Let’s start with a tribute. By now many of you know the horrible news that Tom Perrotta—good friend, great colleague, better human being—has passed away. The tributes, rightly, have been flowing, including this lovely piece by Pete Bodo that incorporates recollections from a lot of us; this obituary by Jason Gay; and this essay from Steve Tignor.
I was thinking the other day that tennis usually soars above injustice. Prevail on match point and you win the match. Win the match and your ranking goes up. You don’t have to worry about impressing head bosses or winning over the general manager or getting your teammate to pass you the ball. None of the unfairness that comes with bake-offs and judges and polls and other sports subjectivity. Even line calls are now decided by cold and neutral technology. It’s hard to imagine a sport that does a better job approaching meritocracy.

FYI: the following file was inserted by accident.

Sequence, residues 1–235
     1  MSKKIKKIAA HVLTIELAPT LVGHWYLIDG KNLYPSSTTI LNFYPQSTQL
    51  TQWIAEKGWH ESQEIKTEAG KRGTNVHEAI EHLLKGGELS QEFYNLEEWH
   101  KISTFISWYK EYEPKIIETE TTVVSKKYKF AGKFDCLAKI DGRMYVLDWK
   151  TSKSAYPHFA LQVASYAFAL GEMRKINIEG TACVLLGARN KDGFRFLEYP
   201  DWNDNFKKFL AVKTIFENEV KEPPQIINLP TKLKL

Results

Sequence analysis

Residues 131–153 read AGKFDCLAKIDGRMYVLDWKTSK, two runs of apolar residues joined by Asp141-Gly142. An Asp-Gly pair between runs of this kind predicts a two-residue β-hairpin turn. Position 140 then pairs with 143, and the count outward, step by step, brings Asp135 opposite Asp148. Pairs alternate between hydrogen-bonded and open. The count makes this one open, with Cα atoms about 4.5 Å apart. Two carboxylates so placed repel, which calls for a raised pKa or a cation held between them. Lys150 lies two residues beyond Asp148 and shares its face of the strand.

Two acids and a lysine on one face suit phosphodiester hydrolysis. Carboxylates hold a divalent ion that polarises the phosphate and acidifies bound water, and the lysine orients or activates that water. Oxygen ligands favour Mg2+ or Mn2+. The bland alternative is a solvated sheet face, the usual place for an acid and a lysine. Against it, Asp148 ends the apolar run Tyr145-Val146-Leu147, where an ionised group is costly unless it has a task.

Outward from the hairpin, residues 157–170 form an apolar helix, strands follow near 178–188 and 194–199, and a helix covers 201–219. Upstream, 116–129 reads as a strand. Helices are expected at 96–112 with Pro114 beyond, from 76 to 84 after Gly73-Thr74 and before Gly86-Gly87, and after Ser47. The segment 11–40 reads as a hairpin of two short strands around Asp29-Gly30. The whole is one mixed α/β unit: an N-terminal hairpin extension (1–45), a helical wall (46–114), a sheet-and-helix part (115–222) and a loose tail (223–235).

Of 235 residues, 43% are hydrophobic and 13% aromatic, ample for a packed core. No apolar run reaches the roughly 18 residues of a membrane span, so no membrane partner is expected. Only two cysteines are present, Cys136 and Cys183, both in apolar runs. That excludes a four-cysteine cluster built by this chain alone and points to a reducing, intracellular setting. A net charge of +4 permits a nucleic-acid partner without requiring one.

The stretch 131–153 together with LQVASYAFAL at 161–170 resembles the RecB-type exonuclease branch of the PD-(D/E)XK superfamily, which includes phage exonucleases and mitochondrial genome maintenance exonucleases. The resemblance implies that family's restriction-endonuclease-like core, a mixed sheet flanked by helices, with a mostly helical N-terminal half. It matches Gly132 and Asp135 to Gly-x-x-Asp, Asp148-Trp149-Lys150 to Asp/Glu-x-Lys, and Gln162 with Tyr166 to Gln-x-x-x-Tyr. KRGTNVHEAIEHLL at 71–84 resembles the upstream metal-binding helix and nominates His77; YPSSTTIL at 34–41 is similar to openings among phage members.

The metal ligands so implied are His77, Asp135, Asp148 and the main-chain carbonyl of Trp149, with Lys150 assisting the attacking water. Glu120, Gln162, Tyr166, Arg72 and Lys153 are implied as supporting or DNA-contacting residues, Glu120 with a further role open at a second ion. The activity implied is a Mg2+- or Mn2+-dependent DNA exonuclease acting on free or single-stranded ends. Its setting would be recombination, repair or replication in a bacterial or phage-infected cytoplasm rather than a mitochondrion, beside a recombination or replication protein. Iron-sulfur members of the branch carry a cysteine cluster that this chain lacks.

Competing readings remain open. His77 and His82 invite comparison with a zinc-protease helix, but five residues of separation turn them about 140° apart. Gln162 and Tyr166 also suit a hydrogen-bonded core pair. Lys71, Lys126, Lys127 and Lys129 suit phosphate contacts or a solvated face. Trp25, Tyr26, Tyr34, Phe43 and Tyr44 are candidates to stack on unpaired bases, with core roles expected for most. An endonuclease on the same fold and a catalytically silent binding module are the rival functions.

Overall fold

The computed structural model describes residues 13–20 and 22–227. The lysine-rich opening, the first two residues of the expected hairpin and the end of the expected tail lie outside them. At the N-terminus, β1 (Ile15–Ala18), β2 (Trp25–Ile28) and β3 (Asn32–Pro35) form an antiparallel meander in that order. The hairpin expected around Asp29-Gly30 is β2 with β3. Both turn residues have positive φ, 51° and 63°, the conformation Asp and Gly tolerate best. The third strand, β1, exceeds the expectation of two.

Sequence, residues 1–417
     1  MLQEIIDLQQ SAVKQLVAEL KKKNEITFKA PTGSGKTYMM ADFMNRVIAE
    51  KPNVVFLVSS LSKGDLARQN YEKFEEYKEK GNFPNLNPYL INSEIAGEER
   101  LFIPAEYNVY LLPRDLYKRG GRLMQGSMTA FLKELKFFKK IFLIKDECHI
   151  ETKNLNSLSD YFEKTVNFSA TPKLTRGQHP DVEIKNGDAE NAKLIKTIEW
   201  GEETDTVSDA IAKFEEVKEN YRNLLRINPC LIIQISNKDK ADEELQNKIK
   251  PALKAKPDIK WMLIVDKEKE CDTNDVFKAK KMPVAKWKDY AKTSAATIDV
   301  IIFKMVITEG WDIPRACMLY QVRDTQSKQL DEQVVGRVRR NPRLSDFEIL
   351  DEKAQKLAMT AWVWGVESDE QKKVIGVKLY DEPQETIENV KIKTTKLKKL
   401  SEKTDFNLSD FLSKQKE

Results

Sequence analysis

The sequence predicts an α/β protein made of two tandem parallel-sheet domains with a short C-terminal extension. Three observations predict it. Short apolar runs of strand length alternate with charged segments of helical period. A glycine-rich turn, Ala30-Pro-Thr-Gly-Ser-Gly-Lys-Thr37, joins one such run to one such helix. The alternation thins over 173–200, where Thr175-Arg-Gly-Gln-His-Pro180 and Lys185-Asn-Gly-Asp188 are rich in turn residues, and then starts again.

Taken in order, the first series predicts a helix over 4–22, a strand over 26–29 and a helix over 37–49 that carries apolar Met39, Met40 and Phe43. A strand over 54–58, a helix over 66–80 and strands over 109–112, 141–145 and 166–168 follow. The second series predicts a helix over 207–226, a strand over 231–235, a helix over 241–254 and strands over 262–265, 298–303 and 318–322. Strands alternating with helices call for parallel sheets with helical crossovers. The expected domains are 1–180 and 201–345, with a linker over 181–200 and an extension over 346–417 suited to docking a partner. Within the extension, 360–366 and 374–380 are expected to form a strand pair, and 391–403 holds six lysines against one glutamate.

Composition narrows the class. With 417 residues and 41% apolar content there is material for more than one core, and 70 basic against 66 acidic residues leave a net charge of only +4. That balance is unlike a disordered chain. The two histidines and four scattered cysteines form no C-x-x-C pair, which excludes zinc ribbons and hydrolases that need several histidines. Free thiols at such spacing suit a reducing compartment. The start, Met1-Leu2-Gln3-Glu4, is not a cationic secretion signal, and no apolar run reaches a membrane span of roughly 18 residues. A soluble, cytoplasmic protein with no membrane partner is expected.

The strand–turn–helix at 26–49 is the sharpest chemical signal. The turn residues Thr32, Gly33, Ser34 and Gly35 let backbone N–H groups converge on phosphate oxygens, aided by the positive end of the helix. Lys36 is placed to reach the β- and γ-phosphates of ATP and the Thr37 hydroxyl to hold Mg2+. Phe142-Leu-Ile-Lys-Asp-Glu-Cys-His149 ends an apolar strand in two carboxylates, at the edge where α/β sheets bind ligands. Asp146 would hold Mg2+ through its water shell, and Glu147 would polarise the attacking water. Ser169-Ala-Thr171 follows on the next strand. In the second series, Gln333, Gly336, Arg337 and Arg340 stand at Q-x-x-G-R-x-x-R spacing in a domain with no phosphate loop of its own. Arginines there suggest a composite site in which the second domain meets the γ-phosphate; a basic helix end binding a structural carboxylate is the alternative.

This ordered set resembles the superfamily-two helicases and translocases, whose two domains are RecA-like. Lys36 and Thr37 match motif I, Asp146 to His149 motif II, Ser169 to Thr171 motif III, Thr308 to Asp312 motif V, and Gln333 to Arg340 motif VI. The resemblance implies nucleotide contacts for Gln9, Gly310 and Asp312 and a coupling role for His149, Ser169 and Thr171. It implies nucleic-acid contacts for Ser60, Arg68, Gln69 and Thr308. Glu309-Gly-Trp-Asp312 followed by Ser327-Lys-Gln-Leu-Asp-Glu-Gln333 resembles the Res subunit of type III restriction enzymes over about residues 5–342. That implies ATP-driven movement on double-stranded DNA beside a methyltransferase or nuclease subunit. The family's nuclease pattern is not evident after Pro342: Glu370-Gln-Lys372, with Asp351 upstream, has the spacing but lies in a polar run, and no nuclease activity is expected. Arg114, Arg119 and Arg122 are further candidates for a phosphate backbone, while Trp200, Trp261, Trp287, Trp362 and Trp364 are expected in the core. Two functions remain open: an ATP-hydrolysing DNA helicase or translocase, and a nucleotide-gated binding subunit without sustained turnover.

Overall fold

Yet Tom’s death was profoundly unfair, a real injustice. A fundamentally good person, taken intolerably early. A husband to a brilliant wife, and father of two super-awesome boys….in the prime of his professional career….still able to hit a kick serve…..now out of the draw at age 44? Tom deserved better.
A lot has been made of Tom’s gentle nature. His kind soul. His ready—but often silent—laugh, accompanied with a jerk of the head. His backslaps. His love of candy and pizza and Chinese food. (He once read a draft of a long piece for me and demanded only to be paid in moo-shu.)